In February 1975 the director of conspiracy classic Three Days of the Condor Sidney Pollack invited Richard Helms, former head of the CIA, to visit the set while they were shooting in New York. Helms went along for a day and acted as a consultant to Robert Redford, as depicted in this infamous picture. Though Helms had left the Agency, three documents from the CIA’s open source monitoring of media coverage show they were keeping an eye on developments. Statements from former CIA chief lawyer John Rizzo suggest that they may have been directly involved in the production.
The Invitation to Richard Helms
According to an interview in Jump Cut, Pollack extended the invitation to Helms, who by that point was the US Ambassador to Iran.
M: Did you have any contact with the CIA while you were making THREE DAYS OF THE CONDOR?
P: There wasn’t, really. We would have welcomed it, but we knew better than to try to pursue it actively in any way. What we did was to invite Mr. (Richard) Helms to come and watch the shooting for a day, which he did. I think he enjoyed himself very much. It was a movie, finally, and not any attempt on our part to do a definitive documentary.
One of the CIA’s records is a brief article from Newsweek, including the original of the photo above. It notes:
Helms […] had accepted an invitation passed along by a mutual friend, to watch Redford film a scene in “Three Days of the Condor”. No clues as to what the once and would-be spies discussed. “At this point in time,” grinned Redford, “we are not at liberty to divulge the details.”
Who this mutual friend was is not clear but Helms did adopt a more positive approach to Hollywood than previous heads of the CIA so it could have been anyone from Jack Valenti to Jane Fonda. Sadly it almost certainly wasn’t Arnon Milchan – the Mossad spy/producer who at one time was business partners with Pollack – as he didn’t get started in Hollywood until later. A very similar article in Time (also from February 3rd 1975) uses a picture of Helms reflected in Redford’ sunglasses, noting that:
The tall man in the London-tailored suit and woolen muffler sipped his coffee and carefully observed the husky blonde in the pea jacket. Then embattled ex-CIA director Richard Helms threw caution to the wind. He stepped over to ask whether “I was encountering as many difficulties as he had been experiencing lately” explained Robert Redford.
He did not engage in shoptalk, said Redford, just chatted generally about the film.
This sort of doublespeak ‘we didn’t talk about the CIA’ versus ‘we cannot divulge what we discussed’ is quite predictable and even amusing, given that whatever they discussed it was only for a brief period. However, that the film was being produced at the same time as congressional investigations into the Agency and other intelligence services is a pertinent and provocative coincidence.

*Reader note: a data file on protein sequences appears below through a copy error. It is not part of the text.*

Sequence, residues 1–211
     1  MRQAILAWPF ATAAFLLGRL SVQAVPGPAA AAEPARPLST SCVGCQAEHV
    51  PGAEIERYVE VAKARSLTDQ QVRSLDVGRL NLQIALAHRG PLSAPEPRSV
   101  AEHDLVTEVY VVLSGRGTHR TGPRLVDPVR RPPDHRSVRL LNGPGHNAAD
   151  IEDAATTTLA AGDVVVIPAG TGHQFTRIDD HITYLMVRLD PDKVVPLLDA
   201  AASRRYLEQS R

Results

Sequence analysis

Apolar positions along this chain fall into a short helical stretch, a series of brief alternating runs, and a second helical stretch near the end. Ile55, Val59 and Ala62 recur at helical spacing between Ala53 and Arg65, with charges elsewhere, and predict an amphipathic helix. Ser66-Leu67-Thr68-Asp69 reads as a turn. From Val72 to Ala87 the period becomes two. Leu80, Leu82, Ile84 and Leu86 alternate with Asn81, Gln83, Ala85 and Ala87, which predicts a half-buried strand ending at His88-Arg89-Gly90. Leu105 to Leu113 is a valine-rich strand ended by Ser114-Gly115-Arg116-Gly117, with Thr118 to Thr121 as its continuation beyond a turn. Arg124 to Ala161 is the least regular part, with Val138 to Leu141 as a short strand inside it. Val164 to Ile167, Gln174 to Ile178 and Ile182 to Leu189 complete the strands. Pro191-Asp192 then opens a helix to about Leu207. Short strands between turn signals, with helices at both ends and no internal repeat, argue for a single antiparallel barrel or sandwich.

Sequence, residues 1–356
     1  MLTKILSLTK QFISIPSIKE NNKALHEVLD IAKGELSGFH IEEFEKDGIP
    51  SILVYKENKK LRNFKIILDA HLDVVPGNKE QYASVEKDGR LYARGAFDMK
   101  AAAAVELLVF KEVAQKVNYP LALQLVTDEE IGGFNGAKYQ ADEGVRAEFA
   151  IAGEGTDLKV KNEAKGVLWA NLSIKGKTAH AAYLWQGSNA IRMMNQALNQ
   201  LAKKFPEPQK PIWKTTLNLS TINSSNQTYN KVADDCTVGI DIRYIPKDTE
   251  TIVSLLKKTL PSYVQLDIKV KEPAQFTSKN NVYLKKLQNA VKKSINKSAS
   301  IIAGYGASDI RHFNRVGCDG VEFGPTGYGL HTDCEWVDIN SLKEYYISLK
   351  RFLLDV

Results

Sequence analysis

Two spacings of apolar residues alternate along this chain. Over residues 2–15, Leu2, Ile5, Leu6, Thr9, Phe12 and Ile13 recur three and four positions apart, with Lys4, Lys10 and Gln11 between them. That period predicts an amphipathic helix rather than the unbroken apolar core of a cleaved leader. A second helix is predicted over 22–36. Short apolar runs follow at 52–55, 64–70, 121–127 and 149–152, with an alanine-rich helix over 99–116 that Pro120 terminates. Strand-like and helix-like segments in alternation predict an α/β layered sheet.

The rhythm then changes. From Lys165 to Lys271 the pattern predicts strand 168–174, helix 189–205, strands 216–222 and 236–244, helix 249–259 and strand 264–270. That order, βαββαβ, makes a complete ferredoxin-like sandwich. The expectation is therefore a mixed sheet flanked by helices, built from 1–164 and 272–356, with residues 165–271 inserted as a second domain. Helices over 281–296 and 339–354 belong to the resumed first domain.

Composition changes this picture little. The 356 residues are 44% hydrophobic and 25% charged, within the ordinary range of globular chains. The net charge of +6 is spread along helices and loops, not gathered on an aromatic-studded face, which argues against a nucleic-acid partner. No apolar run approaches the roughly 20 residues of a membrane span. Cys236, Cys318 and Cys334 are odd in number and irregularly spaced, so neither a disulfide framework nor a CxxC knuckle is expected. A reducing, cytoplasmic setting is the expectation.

Three Days of the Condor
The third article in the CIA’s documents on Three Days of the Condor is review of the film in the Wall Street Journal some months after the pair of articles about Helms’ visit to the set. This in-depth review is very positive and dwells on the political dimensions of the movie:
But besides a realistic atmosphere and a credible hero, this thriller absorbs us on a more immediate level. By making the source of its menace a renegade operation within the CIA “Three Days of the Condor” very much addresses itself both to the headlines we’ve been reading and to growing public concern with accountability and control of secret government activities…
…At one moment in the film, a top level CIA official played by John Houseman, wearily attempting to unravel the mystery and confusion surrounding “Condor”, reminisces with a colleague about his work during the great war. “You miss that kind of action?” his colleague asks. “No” Houseman replies, “I miss that kind of clarity”.
A further indication of just how accurate Three Days of the Condor was in portraying the mid-Cold War CIA comes via John Rizzo, the former General Counsel for the Agency. In a 2007 discussion at the Mitchell Hamline School of Law (while he was still in post) he said of Three Days of the Condor:
It had the cadences of what real CIA people do, and what real CIA people are like… Even some of the scenes in the movie – a lot of the action is set in a CIA cover facility that several years later I found myself in a place that looked almost exactly like that movie. I don’t know how they did it but they managed to replicate what a real CIA cover facility was like.
Whether this is the influence of the film on the CIA or the influence of the CIA on the film is not certain, though it seems unlikely that the Agency would build or buy a cover facility (or safe house) to look like one from a popular movie. This suggests that beyond Helms’ brief visit to the set, the producers of Three Days of the Condor had some kind of assistance from the CIA.
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